Awarded the Special Jury Prize at the 41st Venice International Film Festival, this absurdist comedy, with its sprawling cast of crooks, thieves, anarchists, prostitutes, chief inspectors, ... See full summary »
The film depicts the daily life in an African village. The people sleep, eat, make love, pray for rain etc while civilization, by way of timber trucks and tree fellers, is slowly ... See full summary »
A few stories are mixed, but all starts with Claire who one day brings back to Gregoire one of his books found at the university. Gregoire is the tenebrous romantic king, and Claire falls ... See full summary »
Jean has been married to Francoise for years, but his relationship with his wife has been all but over for a long time. She's hardly ever around, always traveling to Russia for work, and ... See full summary »
Young woman who lives under the gaze of her overprotective stepmother falls for a young man she meets. He is infatuated by her beauty, but is also a sociopath. She wants to leave her stepmother's hold and he is ready to kill.
The day after the funeral of Varlam Aravidze, the mayor of a small Georgian town, his corpse turns up in his son's garden and is secretly reburied. But the corpse keeps returning, and the ... See full summary »
Gia is a carefree young percussionist who works at a theater in Tbilisi, capital of Georgia. He lives in a small apartment with his mother. Gia spends his days flitting from friend to ... See full summary »
Nicolas is an artist, a filmmaker who merely wants to express himself and whom everyone wishes to reduce to silence. When he first starts out in Georgia, the "ideologists" hope to gag him, ... See full summary »
Awarded the Special Jury Prize at the 41st Venice International Film Festival, this absurdist comedy, with its sprawling cast of crooks, thieves, anarchists, prostitutes, chief inspectors, art dealers, and inventors, calls to mind the bustling tapestries of Robert Altman. The story revolves around two objects, a rare set of 18th-century Limoges china, and a 19th century aristocratic portrait. As these items are passed, sold, or stolen from one character to another, a giddy round dance of excess begins to take shape, one which suggests that if history doesn't repeat itself, it certainly rhymes. Together with co-writer Gérard Brach, whose other co-writing credits include Repulsion and Tess, Otar Iosseliani uses a feather-light touch to expose the futility of class and social order, making a bagatelle of the concerns of rich and poor alike. Written by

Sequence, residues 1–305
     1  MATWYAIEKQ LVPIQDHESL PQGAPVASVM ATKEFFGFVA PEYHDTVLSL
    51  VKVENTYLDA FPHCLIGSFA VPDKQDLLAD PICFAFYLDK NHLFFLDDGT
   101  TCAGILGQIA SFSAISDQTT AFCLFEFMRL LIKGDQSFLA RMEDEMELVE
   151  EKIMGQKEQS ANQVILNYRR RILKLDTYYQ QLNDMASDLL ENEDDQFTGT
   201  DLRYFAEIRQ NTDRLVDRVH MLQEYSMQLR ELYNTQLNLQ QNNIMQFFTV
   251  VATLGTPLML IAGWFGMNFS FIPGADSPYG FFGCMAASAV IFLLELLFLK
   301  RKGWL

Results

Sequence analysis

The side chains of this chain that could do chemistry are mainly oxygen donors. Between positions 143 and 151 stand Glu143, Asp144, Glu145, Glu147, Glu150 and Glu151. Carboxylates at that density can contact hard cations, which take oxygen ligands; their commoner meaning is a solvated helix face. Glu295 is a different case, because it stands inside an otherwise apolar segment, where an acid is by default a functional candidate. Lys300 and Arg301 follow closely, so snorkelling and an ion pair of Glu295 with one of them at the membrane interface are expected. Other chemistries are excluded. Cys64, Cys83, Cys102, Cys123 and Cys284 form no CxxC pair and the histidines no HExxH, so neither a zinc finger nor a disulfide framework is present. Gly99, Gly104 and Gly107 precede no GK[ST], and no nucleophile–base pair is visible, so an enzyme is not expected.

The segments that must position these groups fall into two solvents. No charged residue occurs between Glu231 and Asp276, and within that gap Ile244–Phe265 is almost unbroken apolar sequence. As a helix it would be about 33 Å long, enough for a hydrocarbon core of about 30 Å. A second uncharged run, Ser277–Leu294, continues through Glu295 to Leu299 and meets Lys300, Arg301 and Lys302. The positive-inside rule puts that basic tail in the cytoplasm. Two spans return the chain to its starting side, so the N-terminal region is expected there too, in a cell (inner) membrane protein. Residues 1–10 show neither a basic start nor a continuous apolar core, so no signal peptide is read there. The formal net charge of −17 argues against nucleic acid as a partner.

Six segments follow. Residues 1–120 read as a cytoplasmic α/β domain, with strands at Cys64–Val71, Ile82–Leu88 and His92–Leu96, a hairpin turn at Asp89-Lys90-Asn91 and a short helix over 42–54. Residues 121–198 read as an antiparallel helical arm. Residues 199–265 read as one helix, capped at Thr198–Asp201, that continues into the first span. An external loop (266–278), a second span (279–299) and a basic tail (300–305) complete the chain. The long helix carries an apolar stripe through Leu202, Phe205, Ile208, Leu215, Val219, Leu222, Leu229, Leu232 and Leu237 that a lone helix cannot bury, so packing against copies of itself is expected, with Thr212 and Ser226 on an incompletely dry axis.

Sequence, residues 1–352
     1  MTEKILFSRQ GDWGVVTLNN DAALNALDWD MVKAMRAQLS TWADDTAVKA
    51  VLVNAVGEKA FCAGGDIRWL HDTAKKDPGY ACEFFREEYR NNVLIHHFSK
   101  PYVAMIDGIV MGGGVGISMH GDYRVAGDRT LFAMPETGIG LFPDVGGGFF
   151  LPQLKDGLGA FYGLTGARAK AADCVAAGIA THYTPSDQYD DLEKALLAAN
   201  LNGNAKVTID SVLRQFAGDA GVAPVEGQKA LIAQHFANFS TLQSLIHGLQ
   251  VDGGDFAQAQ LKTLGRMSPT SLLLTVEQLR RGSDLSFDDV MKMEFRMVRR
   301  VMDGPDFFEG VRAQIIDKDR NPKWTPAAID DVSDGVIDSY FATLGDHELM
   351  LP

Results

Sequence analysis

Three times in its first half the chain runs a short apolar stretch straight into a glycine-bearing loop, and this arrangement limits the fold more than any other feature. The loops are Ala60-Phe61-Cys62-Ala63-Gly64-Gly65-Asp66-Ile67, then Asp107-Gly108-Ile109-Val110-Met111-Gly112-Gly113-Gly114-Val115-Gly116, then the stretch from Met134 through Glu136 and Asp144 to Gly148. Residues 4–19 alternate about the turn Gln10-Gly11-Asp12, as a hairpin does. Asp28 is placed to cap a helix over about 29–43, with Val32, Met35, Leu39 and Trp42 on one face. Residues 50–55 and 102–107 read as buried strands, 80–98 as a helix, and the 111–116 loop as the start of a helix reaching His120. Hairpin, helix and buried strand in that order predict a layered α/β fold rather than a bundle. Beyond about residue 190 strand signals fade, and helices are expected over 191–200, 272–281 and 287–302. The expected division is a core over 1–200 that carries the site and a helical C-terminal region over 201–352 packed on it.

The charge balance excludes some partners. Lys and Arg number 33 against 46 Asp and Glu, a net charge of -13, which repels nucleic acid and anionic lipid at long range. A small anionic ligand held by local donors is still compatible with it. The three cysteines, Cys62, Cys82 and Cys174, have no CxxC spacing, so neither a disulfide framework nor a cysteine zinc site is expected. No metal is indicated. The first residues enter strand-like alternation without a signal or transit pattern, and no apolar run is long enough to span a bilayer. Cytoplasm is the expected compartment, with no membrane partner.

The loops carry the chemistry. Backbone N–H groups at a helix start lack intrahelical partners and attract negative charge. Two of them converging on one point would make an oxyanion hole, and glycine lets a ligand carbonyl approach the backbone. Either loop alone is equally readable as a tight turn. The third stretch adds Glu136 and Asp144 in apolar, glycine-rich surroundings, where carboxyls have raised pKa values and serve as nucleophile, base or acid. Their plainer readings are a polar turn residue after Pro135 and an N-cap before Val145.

I caught this extraordinary think-piece in a rep house (remember them?) in the late '80s -- and was struck by how such a tremendous film could be so little-known. In following the complex activities of a bunch of seemingly-unrelated Parisians, Soviet-Georgian-born director Otar Iosseliani does indeed suggest a world wider than any one city could contain. It's like watching a beehive, with a cast of crazies and/or criminals buzzing around manically, mostly missing one another but occasionally intersecting. In this, Favorites of the Moon somewhat recalls Nashville, Short Cuts, and Magnolia -- yet Iosseliani is less interested in "explaining" and tying-up loose ends than either Altman or Anderson. He just presents these people and their peculiar doings (some of which are very, very funny), then lets viewers figure it all out for themselves. Fascinating!
In fact, the only complaint I have about Favorites of the Moon is how difficult it is to find!
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